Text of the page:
Combining to form the second largest country on earth, the 10 provinces and 3 territories of Canada can be divided up according to the geography of the region. To the north of the 60th parallel, the three federally controlled territories of Yukon, Nuvanut and the Northwest Territories sit towards the west of Hudson Bay, enjoying some of the harshest weather conditions known to man.
The various provinces are spread across three regions - West Canada consists of British Columbia and the three prairie provinces of Alberta, Saskatchewan and Manitoba, whereas Central Canada is made up of the two most densely populated provinces – Ontario and Quebec. Finally, Newfoundland, Labrador and the coastal provinces of New Brunswick, Prince Edward Island and Nova Scotia make up the Atlantic Provinces.
With over 34 million inhabitants spread out across its vast surface area, Canada is one of the most prosperous places on Earth, enjoying both an excellent quality of life and an abundance of valuable raw materials.
Approximately 80% of these natural resources are exported across the world.
A few words about Nova Scotia
The Canadian Atlantic Province of Nova Scotia is approx. 56,000 square kilometers, a little smaller than Bavaria; however it has a population of only 922,000. The peninsula of Nova Scotia is situated northeast of the US state of New England and is only connected to the Canadian mainland via a narrow land strip. The province is almost completely surrounded by water. No place is further than 56 km from the sea and the coastline is about 7,500 km. The ocean is ever-present and above all, it is the coastal landscapes, which gives Nova Scotia its charm.
On the line of latitude with Genoa
When one speaks of Canada, one imagines freezing winters and cool summers. That is certainly the case in the central provinces of Canada but not in Nova Scotia. Halifax, the capital of the province, lies on the same line of latitude with Genoa, Italy. The Gulf Stream follows the southerly line of latitude, primarily causing the weather in winter to be relatively mild and in summer very consistently warm. A warmer and more beautiful autumn with its fantastic foliage coloring (“Indian Summer”) is a particular attraction of this season. The water temperatures, in the Atlantic up to 19°C and in the lakes up to 25°C, invite bathing in the summer. » Climate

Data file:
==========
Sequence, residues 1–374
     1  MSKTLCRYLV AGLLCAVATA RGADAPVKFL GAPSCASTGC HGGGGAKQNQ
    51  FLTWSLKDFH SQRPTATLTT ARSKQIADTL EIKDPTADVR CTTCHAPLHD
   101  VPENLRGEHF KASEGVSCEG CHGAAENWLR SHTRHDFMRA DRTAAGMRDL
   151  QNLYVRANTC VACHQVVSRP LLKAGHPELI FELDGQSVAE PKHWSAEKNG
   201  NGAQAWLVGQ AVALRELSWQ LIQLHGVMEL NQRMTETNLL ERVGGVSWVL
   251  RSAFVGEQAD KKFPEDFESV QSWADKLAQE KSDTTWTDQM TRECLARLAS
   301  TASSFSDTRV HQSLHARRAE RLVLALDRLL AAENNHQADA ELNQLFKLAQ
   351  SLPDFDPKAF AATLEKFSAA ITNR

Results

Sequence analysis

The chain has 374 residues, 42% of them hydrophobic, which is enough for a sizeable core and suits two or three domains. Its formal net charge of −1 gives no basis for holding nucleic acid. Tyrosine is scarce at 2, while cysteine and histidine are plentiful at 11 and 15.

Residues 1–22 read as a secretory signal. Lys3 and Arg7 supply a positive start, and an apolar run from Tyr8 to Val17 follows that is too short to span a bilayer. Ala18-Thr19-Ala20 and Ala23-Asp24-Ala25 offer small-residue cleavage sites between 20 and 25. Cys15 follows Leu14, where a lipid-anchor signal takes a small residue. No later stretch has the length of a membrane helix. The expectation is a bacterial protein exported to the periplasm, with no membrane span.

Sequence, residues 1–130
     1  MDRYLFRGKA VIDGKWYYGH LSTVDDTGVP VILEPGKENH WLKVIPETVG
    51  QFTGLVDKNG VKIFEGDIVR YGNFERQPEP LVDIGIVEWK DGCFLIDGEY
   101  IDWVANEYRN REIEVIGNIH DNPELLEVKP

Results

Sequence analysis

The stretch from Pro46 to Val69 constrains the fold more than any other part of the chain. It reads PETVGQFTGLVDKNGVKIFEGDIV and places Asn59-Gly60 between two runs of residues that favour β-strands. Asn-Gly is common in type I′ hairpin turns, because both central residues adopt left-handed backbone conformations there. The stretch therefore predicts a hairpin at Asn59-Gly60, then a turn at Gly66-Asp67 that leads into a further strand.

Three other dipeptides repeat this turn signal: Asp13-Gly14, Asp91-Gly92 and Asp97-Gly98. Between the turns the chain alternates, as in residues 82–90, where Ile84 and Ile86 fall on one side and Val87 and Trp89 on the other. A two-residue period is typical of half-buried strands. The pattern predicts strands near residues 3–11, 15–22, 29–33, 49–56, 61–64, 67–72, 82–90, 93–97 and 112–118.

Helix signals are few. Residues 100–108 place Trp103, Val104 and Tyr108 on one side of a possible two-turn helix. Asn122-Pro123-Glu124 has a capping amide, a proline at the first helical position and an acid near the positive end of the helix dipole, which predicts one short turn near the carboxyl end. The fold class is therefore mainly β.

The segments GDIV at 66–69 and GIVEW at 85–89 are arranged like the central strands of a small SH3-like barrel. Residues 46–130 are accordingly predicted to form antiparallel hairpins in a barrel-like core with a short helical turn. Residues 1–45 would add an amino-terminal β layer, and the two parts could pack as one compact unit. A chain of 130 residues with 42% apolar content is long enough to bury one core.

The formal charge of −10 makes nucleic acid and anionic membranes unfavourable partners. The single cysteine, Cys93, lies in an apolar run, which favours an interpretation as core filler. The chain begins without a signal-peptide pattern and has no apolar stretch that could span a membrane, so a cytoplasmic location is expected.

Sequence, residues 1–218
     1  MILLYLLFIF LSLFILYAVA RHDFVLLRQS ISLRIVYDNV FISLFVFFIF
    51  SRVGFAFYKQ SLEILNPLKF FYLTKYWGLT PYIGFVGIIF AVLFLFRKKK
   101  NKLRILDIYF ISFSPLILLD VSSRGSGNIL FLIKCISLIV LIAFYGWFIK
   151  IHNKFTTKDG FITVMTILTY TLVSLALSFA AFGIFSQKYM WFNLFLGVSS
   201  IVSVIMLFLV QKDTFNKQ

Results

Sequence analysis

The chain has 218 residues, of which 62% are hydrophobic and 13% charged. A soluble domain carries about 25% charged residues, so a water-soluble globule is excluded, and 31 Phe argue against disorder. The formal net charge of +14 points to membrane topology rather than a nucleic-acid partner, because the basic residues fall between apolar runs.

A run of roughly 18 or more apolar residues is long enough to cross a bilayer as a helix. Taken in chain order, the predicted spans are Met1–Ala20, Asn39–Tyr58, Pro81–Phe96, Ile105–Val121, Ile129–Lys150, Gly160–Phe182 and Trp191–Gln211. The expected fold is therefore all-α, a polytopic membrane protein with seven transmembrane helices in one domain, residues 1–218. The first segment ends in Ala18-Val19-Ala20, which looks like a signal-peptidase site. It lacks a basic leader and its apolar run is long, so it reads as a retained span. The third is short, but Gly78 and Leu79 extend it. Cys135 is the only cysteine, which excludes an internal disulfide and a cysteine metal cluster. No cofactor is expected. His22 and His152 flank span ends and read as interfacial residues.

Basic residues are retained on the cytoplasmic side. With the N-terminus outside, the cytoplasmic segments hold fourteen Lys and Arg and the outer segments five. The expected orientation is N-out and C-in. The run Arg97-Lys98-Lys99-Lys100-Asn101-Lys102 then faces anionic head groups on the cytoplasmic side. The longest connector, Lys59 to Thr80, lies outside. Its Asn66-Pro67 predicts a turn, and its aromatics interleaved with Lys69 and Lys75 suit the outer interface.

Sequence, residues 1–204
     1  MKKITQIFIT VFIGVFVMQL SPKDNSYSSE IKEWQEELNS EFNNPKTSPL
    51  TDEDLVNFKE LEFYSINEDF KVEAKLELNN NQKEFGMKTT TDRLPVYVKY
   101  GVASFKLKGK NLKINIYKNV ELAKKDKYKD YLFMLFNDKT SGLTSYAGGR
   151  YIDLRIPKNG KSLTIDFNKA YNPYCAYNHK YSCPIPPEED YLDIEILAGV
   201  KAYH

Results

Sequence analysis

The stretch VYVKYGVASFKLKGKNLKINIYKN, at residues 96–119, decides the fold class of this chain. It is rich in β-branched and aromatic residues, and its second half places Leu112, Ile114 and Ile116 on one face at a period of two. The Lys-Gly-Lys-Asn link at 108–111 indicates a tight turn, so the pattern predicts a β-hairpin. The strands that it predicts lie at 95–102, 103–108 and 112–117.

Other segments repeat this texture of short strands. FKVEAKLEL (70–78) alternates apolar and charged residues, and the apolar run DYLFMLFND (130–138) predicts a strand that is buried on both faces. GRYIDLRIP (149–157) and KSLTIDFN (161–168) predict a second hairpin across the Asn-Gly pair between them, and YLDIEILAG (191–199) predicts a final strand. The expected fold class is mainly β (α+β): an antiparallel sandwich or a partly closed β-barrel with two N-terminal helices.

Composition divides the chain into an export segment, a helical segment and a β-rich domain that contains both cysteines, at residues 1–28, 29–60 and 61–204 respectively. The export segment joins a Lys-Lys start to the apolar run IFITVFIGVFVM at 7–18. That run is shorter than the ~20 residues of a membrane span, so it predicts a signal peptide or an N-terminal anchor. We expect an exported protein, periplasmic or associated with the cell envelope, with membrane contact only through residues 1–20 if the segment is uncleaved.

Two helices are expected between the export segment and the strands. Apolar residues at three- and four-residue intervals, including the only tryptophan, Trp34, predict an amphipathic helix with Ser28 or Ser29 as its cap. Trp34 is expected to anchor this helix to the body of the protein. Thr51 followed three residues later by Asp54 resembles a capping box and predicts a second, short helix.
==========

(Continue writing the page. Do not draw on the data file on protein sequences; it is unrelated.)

Breath-taking Nature and Landscapes
The 7,600 km long coast consists of sprawling, sandy beaches, ancient forests and unusual rock formations, affording the region a distinctly ethereal feel. Snaking through these various landscapes, the 300 km Cabot Trail is without a doubt one of the most beautiful coastal stretches the world has ever seen. Another popular route is the so-called Lighthouse Trail – ideal for active visitors, this route takes in picturesque fishing villages and an incredible array of lighthouses, creating vistas that appear to have been lifted straight from a postcard.
Nova Scotia’s two National Parks also offer plenty to see and do, with opportunities to get wet and wild with some extreme water sports or to experience the great outdoors by hiking or camping. To the south, guests will find the much-loved Kejimkujik National Park. Comprising of 400 km ² of dense forest and amazing lakes, this enchanting park is a favourite amongst tourists and natives alike. To the north of the province is the Cape Breton National Park. Forming a contrast to the dense forest of Kejimkujik, the vast moors, tundra and wild coastline of Cape Breton forms one of the last, truly unspoiled regions of the Canadian wilderness.
Nova Scotia is by far and away one of the most popular tourist destinations in Canada, with many guests arriving during the summer or between the months of September and October with the arrival of the Indian Summer. As autumn descends, the many forests of the province are bathed in a wonderful palette of golden hues, with magical oranges, browns and deep reds – an explosion of colours like nothing before.